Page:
Asbestos fight ‘not over’

The community remembered those lost to asbestos-related disease and vowed to prevent others from suffering the same fate at an Asbestos Awareness Day ceremony at Morwell Centenary Rose Garden on Friday.

The event organised by the Asbestos Council of Victoria and Gippsland Asbestos Related Disease Support was an opportunity to raise awareness of the harmful fibre and its devastating effects.

Guest speakers, including members of parliament, trade unionists and family members of sufferers, spoke about GARDS’ achievements and the work that still needed to be done.

Gippsland Trades Labour Council’s Steve Dodd shared some alarming facts, including more than 10,000 people had died from asbestos-related disease since the 1980s and this number was set to rise dramatically – “we haven’t reached the peak”.

He lamented asbestos-related deaths did not receive the same recognition nationally, as those who died during war or in road accidents.

“We need to speak about the danger that has not passed,” Mr Dodd said

“The only way we can make sure that people don’t suffer is to stick together.”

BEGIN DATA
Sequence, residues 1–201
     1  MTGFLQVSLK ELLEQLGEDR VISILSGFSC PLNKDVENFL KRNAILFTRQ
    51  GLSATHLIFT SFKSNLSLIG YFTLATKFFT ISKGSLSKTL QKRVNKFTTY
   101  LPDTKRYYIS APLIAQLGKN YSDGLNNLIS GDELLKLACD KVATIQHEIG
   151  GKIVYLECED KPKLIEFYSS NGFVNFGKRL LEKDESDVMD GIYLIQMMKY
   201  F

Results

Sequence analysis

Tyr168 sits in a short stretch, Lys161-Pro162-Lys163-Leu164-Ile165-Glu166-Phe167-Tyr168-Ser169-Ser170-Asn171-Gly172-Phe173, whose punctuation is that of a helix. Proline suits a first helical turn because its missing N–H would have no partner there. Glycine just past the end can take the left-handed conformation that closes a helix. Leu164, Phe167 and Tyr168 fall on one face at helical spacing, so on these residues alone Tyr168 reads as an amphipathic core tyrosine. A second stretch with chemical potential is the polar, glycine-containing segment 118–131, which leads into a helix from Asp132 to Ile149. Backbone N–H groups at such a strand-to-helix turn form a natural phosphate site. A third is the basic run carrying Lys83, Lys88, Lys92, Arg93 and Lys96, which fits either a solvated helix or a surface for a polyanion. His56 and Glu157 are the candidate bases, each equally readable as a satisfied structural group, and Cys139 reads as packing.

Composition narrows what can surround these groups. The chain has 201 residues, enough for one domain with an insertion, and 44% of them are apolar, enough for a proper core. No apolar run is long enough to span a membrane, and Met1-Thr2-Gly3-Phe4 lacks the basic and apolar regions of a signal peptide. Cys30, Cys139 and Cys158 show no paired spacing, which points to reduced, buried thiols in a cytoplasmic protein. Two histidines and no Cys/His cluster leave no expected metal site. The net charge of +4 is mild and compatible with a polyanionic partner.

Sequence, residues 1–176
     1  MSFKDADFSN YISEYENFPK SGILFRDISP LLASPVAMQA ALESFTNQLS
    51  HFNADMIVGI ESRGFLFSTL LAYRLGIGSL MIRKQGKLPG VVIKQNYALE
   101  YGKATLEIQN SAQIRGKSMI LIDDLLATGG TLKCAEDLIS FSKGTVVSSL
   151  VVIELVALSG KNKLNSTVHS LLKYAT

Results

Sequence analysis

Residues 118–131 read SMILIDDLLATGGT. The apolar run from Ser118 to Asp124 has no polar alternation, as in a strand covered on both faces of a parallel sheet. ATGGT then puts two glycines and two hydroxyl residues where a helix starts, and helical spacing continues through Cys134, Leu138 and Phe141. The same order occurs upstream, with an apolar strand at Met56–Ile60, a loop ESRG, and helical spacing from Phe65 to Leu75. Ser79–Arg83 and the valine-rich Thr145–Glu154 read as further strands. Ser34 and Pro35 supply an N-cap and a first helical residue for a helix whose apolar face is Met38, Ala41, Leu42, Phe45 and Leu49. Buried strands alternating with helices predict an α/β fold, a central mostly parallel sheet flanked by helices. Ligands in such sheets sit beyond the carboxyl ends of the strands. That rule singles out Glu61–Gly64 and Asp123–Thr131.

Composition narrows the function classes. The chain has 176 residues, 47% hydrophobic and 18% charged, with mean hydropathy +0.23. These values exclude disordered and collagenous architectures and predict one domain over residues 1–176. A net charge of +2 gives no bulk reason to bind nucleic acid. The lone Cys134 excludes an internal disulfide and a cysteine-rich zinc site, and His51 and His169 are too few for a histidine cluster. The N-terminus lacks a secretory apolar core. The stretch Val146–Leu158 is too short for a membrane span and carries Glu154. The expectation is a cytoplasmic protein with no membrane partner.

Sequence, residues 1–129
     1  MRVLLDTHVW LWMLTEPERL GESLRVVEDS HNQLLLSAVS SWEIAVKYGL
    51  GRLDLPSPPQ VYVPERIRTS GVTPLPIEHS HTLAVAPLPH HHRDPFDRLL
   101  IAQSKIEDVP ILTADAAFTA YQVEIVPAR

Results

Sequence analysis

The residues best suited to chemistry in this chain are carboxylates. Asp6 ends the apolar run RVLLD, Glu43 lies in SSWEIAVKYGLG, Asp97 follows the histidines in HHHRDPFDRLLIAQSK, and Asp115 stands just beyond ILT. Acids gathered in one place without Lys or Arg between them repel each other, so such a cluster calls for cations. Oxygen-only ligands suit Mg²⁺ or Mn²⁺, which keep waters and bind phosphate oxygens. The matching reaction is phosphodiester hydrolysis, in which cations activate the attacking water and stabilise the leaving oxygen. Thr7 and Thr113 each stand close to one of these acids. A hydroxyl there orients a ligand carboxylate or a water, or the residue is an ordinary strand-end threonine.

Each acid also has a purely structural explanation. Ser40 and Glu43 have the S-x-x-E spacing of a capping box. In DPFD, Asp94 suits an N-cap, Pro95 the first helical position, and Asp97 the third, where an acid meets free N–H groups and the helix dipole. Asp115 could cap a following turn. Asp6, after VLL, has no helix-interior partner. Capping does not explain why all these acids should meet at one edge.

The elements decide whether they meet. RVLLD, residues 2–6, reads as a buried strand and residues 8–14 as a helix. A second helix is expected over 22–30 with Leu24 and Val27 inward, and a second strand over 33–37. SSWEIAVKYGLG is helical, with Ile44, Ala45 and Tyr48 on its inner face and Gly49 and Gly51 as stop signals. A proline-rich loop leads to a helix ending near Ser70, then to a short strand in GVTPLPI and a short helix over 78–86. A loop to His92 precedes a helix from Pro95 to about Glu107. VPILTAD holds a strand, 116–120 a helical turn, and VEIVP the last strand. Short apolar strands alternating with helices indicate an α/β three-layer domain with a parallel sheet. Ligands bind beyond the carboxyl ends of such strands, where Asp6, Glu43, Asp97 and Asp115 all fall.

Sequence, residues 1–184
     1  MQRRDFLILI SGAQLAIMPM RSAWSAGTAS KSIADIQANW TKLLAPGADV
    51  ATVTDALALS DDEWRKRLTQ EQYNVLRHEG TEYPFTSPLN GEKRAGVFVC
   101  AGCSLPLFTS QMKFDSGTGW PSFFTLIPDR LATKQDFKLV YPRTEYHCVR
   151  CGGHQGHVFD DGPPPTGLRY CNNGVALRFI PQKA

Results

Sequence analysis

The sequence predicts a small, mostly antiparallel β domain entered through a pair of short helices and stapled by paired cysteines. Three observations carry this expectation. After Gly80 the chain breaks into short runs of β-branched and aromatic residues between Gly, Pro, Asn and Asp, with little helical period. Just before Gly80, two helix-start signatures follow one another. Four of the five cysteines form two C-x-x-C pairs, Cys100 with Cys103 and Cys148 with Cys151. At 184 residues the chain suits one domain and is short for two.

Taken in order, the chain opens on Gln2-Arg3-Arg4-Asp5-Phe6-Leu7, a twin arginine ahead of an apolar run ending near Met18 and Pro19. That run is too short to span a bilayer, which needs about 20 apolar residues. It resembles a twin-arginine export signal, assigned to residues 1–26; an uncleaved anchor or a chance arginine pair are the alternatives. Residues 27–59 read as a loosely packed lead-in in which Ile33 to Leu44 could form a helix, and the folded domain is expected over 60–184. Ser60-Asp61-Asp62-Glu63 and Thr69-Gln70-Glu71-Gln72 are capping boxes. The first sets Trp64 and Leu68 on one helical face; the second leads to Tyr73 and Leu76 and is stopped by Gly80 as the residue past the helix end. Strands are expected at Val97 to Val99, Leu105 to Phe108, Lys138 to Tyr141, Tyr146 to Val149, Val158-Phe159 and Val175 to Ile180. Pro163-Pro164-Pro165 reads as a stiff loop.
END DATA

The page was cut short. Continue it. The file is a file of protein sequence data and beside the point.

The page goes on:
GARDS chief executive Vicki Hamilton thanked all who had supported herself and the organisation to carry out their work of supporting sufferers and lobbying for legislative and education-based change.

She said positive research programs into cures and vaccines for mesothelioma were being carried out and gave an update on the progress of removing of a “dangerous” federal government asbestos household guide, which was still available.

Ms Hamilton reiterated what other speakers had mentioned – that a third wave of asbestos-exposure was upon the community.

“People are still being exposed,” she said, adding that automotive imports and tiles from overseas filled with asbestos were available in Australia.

However Ms Hamilton said the biggest danger now was exposure through home renovations.

“I can’t stress enough to take all the precautions when renovating yourself. Get an asbestos audit on your home,” Ms Hamilton said.

“Latrobe City has asbestos home removal kits available and it may not seem like much, but it’s important to protecting yourself.”

The event was interspersed with performances from the Coal Valley Male Choir, the GARDS bag pipers and Newborough Primary School’s choir.

It concluded with an ecumenical service, officiated by Celebrant Beryl Stevens, where family members and others laid wreaths on a bed of crosses for those lost to asbestos-related disease.